Battle of the Pleiades against plant immunity
Mythological nymphs reincarnate as a group of corn smut proteins to launch a battle on maize immunity. One of these proteins appears to stand out among its sister Pleiades, much like its namesake character in Greek mythology. The research carried out at GMI—Gregor Mendel Institute of Molecular Plant Biology of the Austrian Academy of Sciences—is published in the journal PLOS Pathogens.
Pathogenic organisms exist under various forms and use diverse strategies to survive and multiply at the expense of their hosts. Some of these pathogens are termed "biotrophic," as they are parasites that maintain their hosts alive. These biotrophic pathogens deregulate physiological processes in their hosts by suppressing their immune defenses and favoring disease development. In plant biotrophic pathogens, such hostile actions are inflicted by secreted molecules including proteins, termed "effectors." One biotrophic pathogen infecting maize plants is Ustilago maydis, or corn smut. Up until present, the arsenal used by the U. maydis effector proteins to wage war against the maize immune response remained largely unstudied. Now, researchers around University of Bonn professor and previous GMI group leader Armin Djamei unveil the function of the Pleiades, a heterogeneous group of effector proteins in corn smut, and tell a tale worthy of Greek mythologies.
The Pleiades: Between mythology, stars and maize immunity
Whether the star cluster in the Taurus constellation was named after the seven daughters of Atlas and Pleione, or whether the opposite is true, is still subject to debate. However, what brings the name "Pleiades" on a group of effector proteins in corn smut? In fact, the genes encoding the Pleiades are arranged as a co-regulated cluster in the U. maydis genome, hence the analogy with the star cluster. Furthermore, the genetic cluster in question is particularly dynamic. This phenomenon is partly due to the high prevalence of transposon sequences, or "jumping genes." As a result, the high sequence diversity in the Pleiades' genetic cluster produces effector proteins that lack conserved domains. Therefore, a sequence-based prediction of the Pleiades' functions is simply not possible. In this sense, the forces at play in the battle against maize immunity were still awaiting close examination.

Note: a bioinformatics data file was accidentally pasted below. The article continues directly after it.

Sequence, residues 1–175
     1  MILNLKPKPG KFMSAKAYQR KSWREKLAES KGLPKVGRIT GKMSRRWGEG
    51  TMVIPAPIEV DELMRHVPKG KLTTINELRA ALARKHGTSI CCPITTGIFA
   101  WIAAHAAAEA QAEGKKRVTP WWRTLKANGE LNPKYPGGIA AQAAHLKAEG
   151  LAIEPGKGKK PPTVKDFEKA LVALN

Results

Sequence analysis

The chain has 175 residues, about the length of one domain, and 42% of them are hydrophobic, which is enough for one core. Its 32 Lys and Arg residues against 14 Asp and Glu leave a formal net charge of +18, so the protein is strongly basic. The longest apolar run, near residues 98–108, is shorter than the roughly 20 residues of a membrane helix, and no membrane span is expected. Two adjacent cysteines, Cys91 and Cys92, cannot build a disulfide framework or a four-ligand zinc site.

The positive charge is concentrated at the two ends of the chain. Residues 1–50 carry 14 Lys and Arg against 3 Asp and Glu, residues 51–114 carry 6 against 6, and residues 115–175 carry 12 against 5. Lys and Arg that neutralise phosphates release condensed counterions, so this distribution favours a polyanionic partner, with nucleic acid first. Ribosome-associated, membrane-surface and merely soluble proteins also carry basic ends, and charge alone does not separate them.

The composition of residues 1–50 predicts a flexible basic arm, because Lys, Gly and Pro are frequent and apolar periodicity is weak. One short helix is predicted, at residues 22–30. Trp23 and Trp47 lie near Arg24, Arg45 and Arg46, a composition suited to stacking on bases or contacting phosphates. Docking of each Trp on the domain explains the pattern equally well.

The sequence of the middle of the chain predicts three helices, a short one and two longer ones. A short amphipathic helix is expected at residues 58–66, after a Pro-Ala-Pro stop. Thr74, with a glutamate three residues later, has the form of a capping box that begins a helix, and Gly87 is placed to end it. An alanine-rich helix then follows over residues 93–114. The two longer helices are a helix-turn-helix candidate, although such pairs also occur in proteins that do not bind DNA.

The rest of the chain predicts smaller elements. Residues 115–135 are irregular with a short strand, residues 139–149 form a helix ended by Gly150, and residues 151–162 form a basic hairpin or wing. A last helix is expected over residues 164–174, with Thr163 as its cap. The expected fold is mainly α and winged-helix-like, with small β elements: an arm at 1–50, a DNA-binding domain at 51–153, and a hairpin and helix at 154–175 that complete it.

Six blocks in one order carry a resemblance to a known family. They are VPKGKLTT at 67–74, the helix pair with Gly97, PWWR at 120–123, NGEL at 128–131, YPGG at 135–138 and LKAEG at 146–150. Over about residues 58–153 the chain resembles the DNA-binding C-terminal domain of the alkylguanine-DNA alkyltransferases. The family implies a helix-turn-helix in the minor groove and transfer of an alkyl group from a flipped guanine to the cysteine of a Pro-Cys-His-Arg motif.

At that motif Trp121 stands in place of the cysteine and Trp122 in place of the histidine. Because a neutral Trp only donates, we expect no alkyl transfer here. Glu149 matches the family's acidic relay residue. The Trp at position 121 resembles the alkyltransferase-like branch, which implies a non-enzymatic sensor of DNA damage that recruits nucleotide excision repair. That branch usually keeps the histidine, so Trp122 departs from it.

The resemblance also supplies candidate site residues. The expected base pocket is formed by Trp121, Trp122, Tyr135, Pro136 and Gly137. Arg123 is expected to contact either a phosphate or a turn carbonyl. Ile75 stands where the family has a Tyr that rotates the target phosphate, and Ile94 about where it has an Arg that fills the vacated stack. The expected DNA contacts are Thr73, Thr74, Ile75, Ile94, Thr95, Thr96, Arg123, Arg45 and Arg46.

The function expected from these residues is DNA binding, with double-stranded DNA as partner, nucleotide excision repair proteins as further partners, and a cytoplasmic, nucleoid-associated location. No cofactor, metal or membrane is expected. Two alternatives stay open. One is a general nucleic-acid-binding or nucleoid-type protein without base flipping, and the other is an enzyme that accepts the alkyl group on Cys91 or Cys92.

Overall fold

Different tactics leading to the same goal
Promoting flowering to better fight immunity
In fact, Djamei and his team demonstrate that two of the Pleiades, Taygeta1 and Merope1, inhibit ROS production in different plant cell compartments. Taygeta1 does so in the cell cytoplasm, whereas Merope1 acts in the nucleus. These two "sisters" appear to be taking the lead, mechanistically speaking, in the battle against plant immunity by investing new roles. However, the researchers uncover an even more developed arsenal in the hands of Merope1: this Pleiade appears to affect a family of enzymes that also control flowering time. "An effector that dampens immunity while simultaneously promoting flowering would be a great advantage for smuts, which usually sporulate only in the host floral tissues," explains Djamei.
In Greek Mythology, Merope is the only Pleiade to fade away upon marrying a mortal, while her sisters conserve their eternal glow. Could it be possible that this "Lost Pleiade," as she is often portrayed in 19th century works of art, found her vocation in fighting plant immunity?